Osian Pryce has two rallies left in his British Rally Championship season – and his aim is simple: to win both of them.
Next week’s penultimate round of the BRC takes crews to Londonderry/Derry for the John Mulholland Motors Ulster Rally. It’s in these world-class stages that Osian will have to show the kind of form which has carried him to a victory and three podiums the last three times he’s visited the event.
Osian’s season had been building momentum beautifully – he left Belgium’s Ypres Rally leading the championship and looking forward to an opportunity to build that lead with a home run on the Nicky Grist Stages. Controlling the event from the front and ready to bring his Alphera/Hills Ford-backed Fiesta R5 home with a big points cushion at the top of the BRC table, the car was stopped by a fuel pump which seized.
Osian and co-driver Dale Furniss have put the disappointment of Wales out of their minds as they focus on the trip across the Irish Sea.
“There’s a lot riding on the Ulster,” said Osian. “I wouldn’t go as far as saying it’s make or break for this season, but it’s really not far off it! Basically, we have to win here and on the final round on the Isle of Man. And that’s fine, because that’s exactly what we’re aiming to do.”
Osian has shown stunning speed, tenacity and consistency to lead the BRC in his first full year in a four-wheel drive car. But his biggest challenge lies ahead in the next two rounds.
“What happened on the Nicky Grist was gut-wrenching,” he said, “it’s something nobody had seen before. But you have to pick yourself up from there and go again. We’re 22 points off the lead, but we’ve still got a fighting chance of the title and we’re going to take it.
“The Ulster’s never a straightforward rally, but it’s one where I’ve gone well in the past and it’s an event which suits me. The weather can change the event in the blink of an eye and if you’re not on the right tyres when the rain comes or when it dries then it can be a struggle – getting those weather calls is absolutely vital for this rally.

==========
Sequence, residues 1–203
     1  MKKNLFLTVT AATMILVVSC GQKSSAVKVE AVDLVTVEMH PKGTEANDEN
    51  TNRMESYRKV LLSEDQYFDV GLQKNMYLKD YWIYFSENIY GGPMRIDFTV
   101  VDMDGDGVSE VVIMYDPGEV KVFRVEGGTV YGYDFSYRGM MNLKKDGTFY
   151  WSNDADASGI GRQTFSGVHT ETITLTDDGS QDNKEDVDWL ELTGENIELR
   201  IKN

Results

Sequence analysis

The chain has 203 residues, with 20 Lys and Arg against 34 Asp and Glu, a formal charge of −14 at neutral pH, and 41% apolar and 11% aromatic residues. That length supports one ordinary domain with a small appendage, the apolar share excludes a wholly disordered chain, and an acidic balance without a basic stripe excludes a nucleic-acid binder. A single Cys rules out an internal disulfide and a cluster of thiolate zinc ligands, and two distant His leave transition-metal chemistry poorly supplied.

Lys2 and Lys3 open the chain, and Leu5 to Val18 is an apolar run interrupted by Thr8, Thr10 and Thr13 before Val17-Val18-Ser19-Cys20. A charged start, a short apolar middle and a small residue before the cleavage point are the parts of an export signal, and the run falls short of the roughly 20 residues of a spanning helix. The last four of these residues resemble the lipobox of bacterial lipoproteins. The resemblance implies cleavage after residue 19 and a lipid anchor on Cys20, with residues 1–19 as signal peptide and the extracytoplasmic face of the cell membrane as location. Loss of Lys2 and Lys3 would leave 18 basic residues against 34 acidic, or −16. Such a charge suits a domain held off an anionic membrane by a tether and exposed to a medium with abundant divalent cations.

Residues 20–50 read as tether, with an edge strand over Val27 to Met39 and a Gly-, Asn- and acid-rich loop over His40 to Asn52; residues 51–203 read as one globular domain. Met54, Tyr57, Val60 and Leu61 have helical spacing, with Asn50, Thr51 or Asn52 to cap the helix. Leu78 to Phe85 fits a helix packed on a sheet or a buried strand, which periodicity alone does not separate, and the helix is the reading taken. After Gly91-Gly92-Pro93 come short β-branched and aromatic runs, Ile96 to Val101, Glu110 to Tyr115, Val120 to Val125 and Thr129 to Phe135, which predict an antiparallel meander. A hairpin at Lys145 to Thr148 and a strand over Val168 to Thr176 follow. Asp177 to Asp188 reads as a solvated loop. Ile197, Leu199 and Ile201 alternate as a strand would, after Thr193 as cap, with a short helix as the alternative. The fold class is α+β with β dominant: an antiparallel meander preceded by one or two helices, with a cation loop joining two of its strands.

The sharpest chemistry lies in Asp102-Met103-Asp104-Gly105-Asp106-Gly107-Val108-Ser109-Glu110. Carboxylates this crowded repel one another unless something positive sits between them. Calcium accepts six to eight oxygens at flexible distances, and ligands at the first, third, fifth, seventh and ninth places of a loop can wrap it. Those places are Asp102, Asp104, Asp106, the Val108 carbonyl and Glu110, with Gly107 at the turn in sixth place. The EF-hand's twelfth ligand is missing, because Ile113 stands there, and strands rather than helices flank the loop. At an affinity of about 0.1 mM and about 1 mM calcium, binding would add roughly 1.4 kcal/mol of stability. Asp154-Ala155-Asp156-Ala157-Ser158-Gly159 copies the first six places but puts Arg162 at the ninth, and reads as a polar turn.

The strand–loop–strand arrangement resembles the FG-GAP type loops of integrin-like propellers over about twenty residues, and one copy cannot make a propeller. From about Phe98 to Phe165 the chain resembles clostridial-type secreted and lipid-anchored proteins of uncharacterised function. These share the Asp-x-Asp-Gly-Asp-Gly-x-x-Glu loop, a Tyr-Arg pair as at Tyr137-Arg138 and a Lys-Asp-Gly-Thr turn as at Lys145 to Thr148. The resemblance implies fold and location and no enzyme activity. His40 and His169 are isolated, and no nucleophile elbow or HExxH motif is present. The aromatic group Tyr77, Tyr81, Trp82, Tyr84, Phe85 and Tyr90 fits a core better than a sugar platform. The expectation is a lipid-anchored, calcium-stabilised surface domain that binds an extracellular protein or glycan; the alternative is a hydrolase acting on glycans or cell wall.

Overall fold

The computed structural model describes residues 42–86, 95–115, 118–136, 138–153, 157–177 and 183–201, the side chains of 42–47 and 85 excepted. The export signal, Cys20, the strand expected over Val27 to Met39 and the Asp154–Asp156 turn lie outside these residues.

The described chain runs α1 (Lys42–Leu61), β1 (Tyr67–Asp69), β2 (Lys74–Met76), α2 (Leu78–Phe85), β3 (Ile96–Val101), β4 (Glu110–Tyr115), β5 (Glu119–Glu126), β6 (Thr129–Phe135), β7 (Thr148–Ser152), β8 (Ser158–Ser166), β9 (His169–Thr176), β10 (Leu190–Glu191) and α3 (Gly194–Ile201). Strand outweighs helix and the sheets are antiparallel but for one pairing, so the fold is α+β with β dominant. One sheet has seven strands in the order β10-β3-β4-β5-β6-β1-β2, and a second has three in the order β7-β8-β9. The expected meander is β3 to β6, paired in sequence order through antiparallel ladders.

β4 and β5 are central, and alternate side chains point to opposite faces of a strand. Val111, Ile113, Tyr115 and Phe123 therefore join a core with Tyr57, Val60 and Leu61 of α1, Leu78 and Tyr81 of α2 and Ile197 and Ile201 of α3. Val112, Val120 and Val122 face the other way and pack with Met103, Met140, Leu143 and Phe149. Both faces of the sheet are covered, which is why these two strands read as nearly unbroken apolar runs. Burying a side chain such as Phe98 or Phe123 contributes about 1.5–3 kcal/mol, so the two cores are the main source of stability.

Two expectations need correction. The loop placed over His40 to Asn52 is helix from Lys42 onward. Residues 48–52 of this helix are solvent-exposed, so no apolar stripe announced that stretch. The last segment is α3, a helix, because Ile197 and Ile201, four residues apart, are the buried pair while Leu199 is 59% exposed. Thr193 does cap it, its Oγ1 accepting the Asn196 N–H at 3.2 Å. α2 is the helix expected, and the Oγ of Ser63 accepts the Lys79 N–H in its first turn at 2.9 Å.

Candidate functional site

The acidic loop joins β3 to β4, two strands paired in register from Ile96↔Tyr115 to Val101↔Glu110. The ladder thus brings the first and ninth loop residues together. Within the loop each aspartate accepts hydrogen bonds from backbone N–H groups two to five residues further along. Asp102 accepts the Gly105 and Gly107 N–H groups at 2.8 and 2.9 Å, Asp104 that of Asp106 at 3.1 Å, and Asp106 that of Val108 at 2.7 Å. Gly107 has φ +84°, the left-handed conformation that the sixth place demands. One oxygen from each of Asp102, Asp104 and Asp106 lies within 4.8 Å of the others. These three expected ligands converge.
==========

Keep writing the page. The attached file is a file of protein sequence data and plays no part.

“As we’re coming closer to the business end of the season, the competition is inevitably getting tighter. There are still a few drivers in with a shot at winning the championship and that really forces everybody on a little bit. There’s not going to be any time to try to bed into this one, it’s going to be absolutely flat-out from the start. The plan will be to go hard from the start and take a look at what’s going on after the first loop. Like I said, we’re out for a win this time. Second place isn’t really going to be much use to us now.”
John Mulholland Motors Ulster Rally
Based: Ebrington Square, Londonderry/Derry
Service Ebrington, Londonderry/Derry
Total distance: 420.04 miles
Competitive distance: 133.90 miles
John Mulholland Motors Ulster Rally Itinerary
Saturday August 18
SS1 Holly Hill 1 11.58 miles 1400
SS2 Mary Gray 1 8.36 miles 1458
SS3 Butterlope 1 4.70 miles 1538
Service Ebrington 1646
SS4 Holly Hill 2 11.58 miles 1836
SS5 Mary Gray 2 8.36 miles 1934
SS6 Butterlope 2 4.70 miles 2014
Service Ebrington 2110
Parc Fermé 2200
Sunday August 19
SS7 Slievekirk 1 8.57 miles 0743
Service Ebrington 0816
SS8 Drumnahoe 1 8.91 miles 0935
SS9 Barnes Gap 1 8.95 miles 1011
SS10 Rousky 1 15.88 miles 1042
Service Ebrington 1213
SS11 Slievekirk 2 8.57 miles 1301
Service Ebrington 1334
SS12 Drumnahoe 2 8.91 miles 1453
SS13 Barnes Gap 2 8.95 miles 1529
SS14 Rousky 2 15.88 miles 1600
Service Ebrington 1731
Parc Fermé 1750
Osian’s five facts about Northern Ireland
Game of Thrones employs more people in Northern Ireland than the civil service.
Austins stood as the world’s oldest independent department store in Londonderry/Derry until 2016. Opened in 1830, it closed its doors unexpectedly last year when the costs of dealing with asbestos in the building became clear. One hundred and 86 years of continuous trading’s pretty impressive though.
On average, it rains 157 days of the year in Northern Ireland – so it’s a reasonable bet that, come Saturday or Sunday, you might need an umbrella. The good news is, however, that it generally snows for less than 10 days a year.
One woman who was happier than probably any other to see Londonderry/Derry coming into view was Amelia Earhart. Her first solo trans-Atlantic flight touched down in fields nearby in 1932.
One in four people in Northern Ireland is under-16. That’s more young people than anywhere else in the UK.